Are we descended from ‘aquatic apes’?Comment on this story
London - Scientists, academics and medics are gathering today in a London hotel to discuss a topic that has been virtually unmentionable in academic circles for decades: are humans descended from “aquatic apes” that spent more time swimming than dragging their knuckles on the ground?
The last time this question was asked, at a conference in 1992, there was much scoffing and ridicule. Other academics sneered and Bernard Levin wrote a full-page article lampooning the idea in a national newspaper.
This week's conference, Human Evolution: Past, Present and Future - Anthropological, Medical and Nutritional Considerations, at the Grange St Paul's Hotel, has also already been the subject of much derision. Followers of the conventional and overwhelmingly accepted belief that our ancestors were very much land-based are launching a parody campaign online to argue we evolved from “space monkeys”. Most scientists will openly scoff at the idea of us deriving from water-bound primates.
But, perhaps emboldened by the presence of Sir David Attenborough - who was booked to attend the conference for one session but asked at the last minute if he could attend both days - the aquatic ape theorists are back.
The conference is chaired by Professor Rhys Evans, an ear, nose and throat surgeon at the Royal Marsden Hospital, who is candid about the scope of the conference. “We are trying to discuss the pros and cons of the theory,” he said. “But many of the things which are unique to humans - such as a descended larynx, walking upright, fat beneath the skin, and most obviously an extremely large brain - it seems can best be accounted for as adaptations to extended periods in an aquatic environment.” The original aquatic ape theory, developed by Sir Alister Hardy and made public in 1960, posited that a population of early humans, or hominoids, was isolated during tectonic upheaval in a flooded forest environment, similar to that of parts of the Amazon. Our ancestors, it was argued, either adapted to water - and climbing in trees - or died out. Over many generations, mutations that made swimming and diving easier reproduced in the population at the expense of the more traditional, water-averse ape genes.
Modern-day apes do not like water. In zoos all around the world, apes are contained by moats of water. Even wadeable moats are sufficient: if you drop a baby orang-utan into water, it sinks like a stone. A human baby, however, will close its larynx and automatically paddle its arms and legs, giving you a few precious seconds to retrieve it.
The aquatic ape theory would explain this ability - unlike the traditional savannah theory of human evolution. Widely accepted wisdom states that when humans came out of the woods and on to the savannah, walking upright gave them an increased field of vision and freed up hands to use tools. Bipedalism also exposed less of the human body to the harsh sun and humans shed hair and increased sweat production to cope with the heat.
But, the aquatic ape proponents point out, deer and antelope kept their fur and their quadrupedal ways on the savannah. Our copious salty sweat production, and water consumption requirements, they argue, are far more indicative of life in the water. And lions co-operate in hunting without evolving significantly larger brains than other cats.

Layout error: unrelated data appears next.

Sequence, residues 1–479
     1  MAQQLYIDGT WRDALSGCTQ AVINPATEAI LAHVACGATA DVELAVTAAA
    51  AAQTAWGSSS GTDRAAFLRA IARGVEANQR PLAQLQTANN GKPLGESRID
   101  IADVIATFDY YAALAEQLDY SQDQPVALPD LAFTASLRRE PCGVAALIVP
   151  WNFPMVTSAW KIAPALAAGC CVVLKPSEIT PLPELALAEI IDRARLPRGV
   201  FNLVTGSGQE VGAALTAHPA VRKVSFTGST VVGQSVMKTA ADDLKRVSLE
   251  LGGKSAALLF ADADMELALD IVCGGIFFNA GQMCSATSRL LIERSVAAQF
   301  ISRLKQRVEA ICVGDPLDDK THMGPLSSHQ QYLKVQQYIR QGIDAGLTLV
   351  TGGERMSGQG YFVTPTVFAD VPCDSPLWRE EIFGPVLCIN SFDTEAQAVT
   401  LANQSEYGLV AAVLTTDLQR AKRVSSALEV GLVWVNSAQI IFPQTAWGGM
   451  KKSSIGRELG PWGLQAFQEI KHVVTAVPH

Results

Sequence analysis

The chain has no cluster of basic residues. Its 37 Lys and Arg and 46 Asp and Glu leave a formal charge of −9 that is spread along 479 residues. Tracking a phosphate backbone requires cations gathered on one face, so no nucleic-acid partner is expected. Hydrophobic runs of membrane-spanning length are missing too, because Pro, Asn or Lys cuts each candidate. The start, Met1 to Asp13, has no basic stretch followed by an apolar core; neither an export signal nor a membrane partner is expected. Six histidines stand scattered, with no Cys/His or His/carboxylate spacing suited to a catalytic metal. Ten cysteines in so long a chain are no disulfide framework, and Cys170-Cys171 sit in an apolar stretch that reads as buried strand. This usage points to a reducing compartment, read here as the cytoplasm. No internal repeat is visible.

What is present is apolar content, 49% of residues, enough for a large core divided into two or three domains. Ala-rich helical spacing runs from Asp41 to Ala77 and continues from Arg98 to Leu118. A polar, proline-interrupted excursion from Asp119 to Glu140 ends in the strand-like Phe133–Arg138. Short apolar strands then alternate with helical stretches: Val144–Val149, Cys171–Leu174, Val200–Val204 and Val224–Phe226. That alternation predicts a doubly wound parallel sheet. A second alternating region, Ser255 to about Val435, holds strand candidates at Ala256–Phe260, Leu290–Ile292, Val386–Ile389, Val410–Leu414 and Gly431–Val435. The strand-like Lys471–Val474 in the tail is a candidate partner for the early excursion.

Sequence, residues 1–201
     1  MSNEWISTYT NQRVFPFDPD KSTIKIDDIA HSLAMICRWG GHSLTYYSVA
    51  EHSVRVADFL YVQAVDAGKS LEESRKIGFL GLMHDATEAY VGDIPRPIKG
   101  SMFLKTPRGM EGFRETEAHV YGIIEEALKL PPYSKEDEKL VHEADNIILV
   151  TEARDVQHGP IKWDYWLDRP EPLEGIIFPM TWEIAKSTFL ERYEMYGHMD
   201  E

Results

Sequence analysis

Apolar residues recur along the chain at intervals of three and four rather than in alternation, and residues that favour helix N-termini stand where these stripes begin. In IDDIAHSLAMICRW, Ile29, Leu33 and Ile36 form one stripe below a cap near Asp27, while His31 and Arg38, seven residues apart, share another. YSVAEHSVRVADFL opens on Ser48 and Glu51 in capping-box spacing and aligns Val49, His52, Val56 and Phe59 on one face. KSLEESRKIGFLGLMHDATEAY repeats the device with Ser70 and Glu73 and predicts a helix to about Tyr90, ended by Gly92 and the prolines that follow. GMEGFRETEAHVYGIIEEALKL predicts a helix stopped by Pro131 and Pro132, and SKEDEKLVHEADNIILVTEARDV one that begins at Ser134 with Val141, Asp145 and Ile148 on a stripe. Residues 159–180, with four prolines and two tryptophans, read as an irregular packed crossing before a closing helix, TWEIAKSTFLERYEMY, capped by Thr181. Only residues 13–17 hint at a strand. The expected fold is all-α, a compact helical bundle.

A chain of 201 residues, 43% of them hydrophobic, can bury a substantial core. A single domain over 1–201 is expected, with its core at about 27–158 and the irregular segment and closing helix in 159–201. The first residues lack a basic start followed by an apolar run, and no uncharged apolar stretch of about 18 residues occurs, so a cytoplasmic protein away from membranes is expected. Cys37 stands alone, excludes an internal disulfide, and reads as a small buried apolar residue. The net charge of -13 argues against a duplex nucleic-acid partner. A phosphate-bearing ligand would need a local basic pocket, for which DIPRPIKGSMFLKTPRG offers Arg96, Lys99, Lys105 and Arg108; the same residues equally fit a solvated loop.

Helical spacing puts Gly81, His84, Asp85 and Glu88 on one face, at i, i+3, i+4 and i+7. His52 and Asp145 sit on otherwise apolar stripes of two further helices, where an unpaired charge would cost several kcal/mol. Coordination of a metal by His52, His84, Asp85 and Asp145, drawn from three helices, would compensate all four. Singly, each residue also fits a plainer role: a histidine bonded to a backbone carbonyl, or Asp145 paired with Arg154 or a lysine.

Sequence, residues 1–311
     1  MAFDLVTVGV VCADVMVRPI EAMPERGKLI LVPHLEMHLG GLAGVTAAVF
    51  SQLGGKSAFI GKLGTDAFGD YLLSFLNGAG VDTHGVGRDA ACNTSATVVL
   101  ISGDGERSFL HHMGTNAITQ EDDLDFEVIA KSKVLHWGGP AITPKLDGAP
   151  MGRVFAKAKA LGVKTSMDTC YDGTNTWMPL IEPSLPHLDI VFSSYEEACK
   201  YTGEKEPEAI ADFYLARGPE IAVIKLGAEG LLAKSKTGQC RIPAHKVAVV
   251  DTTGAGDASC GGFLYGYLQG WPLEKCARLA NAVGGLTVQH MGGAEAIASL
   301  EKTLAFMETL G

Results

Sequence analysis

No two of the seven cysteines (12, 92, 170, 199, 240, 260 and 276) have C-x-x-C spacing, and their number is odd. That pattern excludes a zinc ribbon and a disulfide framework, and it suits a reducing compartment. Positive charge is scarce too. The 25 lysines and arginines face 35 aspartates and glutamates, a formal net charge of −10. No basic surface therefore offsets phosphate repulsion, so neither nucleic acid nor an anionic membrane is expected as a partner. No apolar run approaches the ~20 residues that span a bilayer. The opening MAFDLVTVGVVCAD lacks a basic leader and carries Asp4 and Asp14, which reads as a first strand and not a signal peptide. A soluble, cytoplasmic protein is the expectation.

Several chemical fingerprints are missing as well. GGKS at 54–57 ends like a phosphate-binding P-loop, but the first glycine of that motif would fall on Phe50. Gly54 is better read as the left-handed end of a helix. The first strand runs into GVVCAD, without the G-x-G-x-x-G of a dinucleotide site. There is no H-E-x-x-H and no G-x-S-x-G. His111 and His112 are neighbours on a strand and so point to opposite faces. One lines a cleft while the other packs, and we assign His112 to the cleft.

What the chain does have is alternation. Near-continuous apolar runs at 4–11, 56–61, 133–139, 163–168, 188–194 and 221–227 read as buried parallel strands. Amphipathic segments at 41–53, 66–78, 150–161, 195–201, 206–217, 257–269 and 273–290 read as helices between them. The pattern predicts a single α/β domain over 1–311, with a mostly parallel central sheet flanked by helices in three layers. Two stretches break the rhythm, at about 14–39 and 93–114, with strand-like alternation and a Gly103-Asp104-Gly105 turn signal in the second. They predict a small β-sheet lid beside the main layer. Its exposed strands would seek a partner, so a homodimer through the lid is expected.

The key ingredients for growing a large brain, according to Professor Michael Crawford, from Imperial College London, are found in fish. “DHA, or docosahexaenoic acid, is essential for developing brain tissue, and in order for our brains to grow to the size we have now, our ancestors must have had to eat a lot of fish.”
This would have taken place over many hundreds of thousands if not millions of years, and is part of the reason that the aquatic ape theory has evolved since its last incarnation, into, tentatively, the waterside theory.
“Molluscs, crabs and snails would be available in abundance in coastal regions, flooded or swamp forests, lagoons and wetlands,” Professor Evans said. “Such lifestyles, climbing and hanging vertically, grasping branches above the water, wading on two legs, floating vertically collecting foods amid floating vegetation - might help explain hominoid body enlargement, tail loss, vertical spine, dorsal shoulder blades, wide thorax and pelvis, great ape tool use and thickening of enamel.” So waterside theorists are now proposing a prolonged exposure and adaptation towards coastal living, stretching over several million years. They argue that fossil evidence seems to back this up.
A sense of playful open-mindedness has made the aquatic theory attractive. Humans like water: waterfront property is more expensive; rich people buy swimming pools; we drive to the sea to eat sandwiches in our cars, just to look at it. No other ape likes water at all. Of course, as the space monkey satirists counter, no other apes have travelled into space, but it doesn't mean we evolved from primates on Pluto.
THE EVIDENCE FOR OUR AQUATIC ANCESTRY
BONES AND SKULLS
Humans have thick skulls and dense bones - unlike modern apes, but in common with shallow diving mammals such as manatees and walruses
Our vertical pelvis allows for upright wading. Only the proboscis monkey in Borneo, which habitually wades in mangrove swamps, has a pelvis like ours. This could be the possible origin of bipedalism
WRINKLED FINGERTIPS IN WATER
These are significantly more efficient at retrieving slippery objects underwater
Unlike other apes our larynx and palate are separated, allowing us to gulp large volumes of air, and hold our breath. It is this ability that has led to language development
We are hairless, but also bonded with subcutaneous fat. This is totally unique in apes and rare in terrestrial mammals - but ubiquitous in diving mammals. Even a lean human carries 10 times as much fat as other apes, providing insulation and buoyancy. - The Independent